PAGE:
NASA' current budget is about $17 billion.

"Continuing to fly the Shuttle beyond 2010 does not enhance U.S. human spaceflight capability, but rather delays the time until a new capability exists and increases the total life cycle cost to bring the new capability on line," he told Congress in November.

Another worry: NASA already has begun unplugging parts of the shuttle system. It has already terminated many contracts with vendors who make shuttle parts and NASA facilities already have begun converting its systems to handle the new Constellation program.

Wayne Hale, a NASA deputy assistant administrator and until recently the shuttle-program manager, has said that this fall marks the point of no return. That's when NASA is supposed to start ripping out the giant welding equipment and other machinery at Michoud Assembly Facility in New Orleans, which makes the shuttle's giant external fuel tank.

In a blog posted Thursday, Hale said that flying shuttle and building Constellation would strain NASA's budgets and overextend its workforce. "Hey, I am the biggest shuttle hugger there is. I think it is the best spacecraft ever built. But I also deal in the real world," he wrote.

"Where does the money come from? Where do the people -- who should be working on the moon rocket -- where do they come from? We started shutting down the shuttle four years ago. That horse has left the barn," he wrote.

Email referido no artigo acima:

From: Coggeshall, John C. (JSC-MA)
Sent: Wednesday, August 27, 2008 4:23 PM
To: Larochelle, Joseph K. (JSC-OM); Fuller, Sean M. (JSC-OC); Gensler, Janejit T. (JSC-OM3); Feldman, Holly (JSC-OM); Overton, Thomas L. (KSC); Ford, Clark D. (KSC); Magendie, Brian (MAF-NASA_MAF)[Lockheed Martin Space Systems Com; Dwyer, Kenneth J. (JSC-MV6); Jackson, Melodie M. (KSC); 'Lemoine, Patrick K. (KSC)[USA]'; Davidson, Dennis R. (JSC-MM)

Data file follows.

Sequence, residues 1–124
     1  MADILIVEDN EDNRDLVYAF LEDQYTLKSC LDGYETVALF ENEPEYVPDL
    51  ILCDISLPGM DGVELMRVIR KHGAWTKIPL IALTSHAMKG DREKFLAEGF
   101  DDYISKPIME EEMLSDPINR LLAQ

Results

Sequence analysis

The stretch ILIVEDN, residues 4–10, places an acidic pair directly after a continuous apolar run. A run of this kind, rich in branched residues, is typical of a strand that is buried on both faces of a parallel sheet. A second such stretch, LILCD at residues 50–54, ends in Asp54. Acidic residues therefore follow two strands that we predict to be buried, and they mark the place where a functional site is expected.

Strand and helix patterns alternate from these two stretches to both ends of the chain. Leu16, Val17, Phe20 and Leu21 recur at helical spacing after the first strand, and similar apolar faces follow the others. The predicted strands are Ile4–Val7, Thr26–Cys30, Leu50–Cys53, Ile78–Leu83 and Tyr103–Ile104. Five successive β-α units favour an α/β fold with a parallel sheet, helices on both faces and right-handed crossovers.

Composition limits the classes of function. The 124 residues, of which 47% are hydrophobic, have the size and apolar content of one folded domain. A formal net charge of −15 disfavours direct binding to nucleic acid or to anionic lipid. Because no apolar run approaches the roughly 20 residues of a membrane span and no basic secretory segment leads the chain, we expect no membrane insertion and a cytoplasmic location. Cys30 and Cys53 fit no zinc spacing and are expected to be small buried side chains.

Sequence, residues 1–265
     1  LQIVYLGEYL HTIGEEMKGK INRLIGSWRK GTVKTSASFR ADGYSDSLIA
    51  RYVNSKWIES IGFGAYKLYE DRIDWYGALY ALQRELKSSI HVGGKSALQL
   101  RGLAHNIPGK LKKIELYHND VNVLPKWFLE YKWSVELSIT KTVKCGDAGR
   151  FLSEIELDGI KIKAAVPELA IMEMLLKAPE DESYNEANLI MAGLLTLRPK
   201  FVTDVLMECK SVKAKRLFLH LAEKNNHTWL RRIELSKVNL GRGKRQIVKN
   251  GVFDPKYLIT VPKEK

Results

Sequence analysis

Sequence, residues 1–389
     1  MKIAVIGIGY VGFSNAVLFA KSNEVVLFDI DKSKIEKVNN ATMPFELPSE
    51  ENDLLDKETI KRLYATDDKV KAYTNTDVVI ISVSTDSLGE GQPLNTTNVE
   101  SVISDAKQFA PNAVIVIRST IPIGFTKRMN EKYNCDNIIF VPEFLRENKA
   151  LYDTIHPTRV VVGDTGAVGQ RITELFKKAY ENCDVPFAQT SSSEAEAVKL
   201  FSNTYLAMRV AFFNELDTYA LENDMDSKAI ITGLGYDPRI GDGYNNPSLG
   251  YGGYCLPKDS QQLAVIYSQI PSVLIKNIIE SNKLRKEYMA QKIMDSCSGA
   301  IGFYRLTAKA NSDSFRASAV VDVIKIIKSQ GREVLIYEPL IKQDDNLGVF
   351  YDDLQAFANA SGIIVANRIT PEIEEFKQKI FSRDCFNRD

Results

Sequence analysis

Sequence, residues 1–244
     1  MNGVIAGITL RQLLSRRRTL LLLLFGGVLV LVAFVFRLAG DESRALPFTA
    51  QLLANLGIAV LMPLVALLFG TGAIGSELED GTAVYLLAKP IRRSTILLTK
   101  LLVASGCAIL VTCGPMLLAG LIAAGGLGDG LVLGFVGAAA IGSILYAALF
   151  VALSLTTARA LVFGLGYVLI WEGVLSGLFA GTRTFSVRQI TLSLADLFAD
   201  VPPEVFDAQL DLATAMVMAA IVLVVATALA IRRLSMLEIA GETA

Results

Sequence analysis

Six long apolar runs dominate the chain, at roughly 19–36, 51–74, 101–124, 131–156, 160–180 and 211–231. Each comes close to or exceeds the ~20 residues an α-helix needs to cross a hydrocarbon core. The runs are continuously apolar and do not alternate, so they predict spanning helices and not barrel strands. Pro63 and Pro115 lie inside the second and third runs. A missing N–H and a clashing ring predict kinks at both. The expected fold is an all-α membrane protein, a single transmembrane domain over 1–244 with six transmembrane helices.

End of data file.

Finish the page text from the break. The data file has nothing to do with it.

Cc: Lyons, Douglass E. (KSC); Phillips, Pepper (KSC); Wyche, Vanessa E. (JSC-ZD); Castle, Robert E. (JSC-ZD); Beck, Kelly B. (JSC-DA); Rasco, Dorothy S. (JSC-MM)

Subject: Shuttle extension assessment

The SSP program in conjunction with Cx and ISS have been asked by the administrator to put together some manifest options to assess extending shuttle flights to 2015. SSP would like to have some options developed for review by senior management by the end of September. The result of the review might be a formal budget assessment of a option(s).

We will start by using the manifest team to put together a option(s). I would like to start getting some initial thoughts next week. What I want to do is focus in on initially is what would make sense given the current conditions with ISS and Cx. We have been encouraged not to focus on a certain set of assumptions or costs. We will probably develop multiple options. In my initial discussions with John these are the things I would like to think about

- We cant just spread out the 10 flights to 2015, that does not support ISS requirements
- We will need some new ETs and that’s the long lead item so we may need a little "streching".
- We will have to put orbiters in OMDP
- We don’t want to get in the way of Cx development by holding on to facilities they need (HB3, MLP, Pad , Crawler, Engine Test stands etc)

- Flight rate is not given
- Don’t necessarily need all 3 orbiters either

We want to focus on helping bridge the gap of US vehicles traveling to the ISS as efficiently as possible.

Joe LaRochelle will have some preliminary ISS requirements for us next week, and Ken is going to work on OMDP thoughts.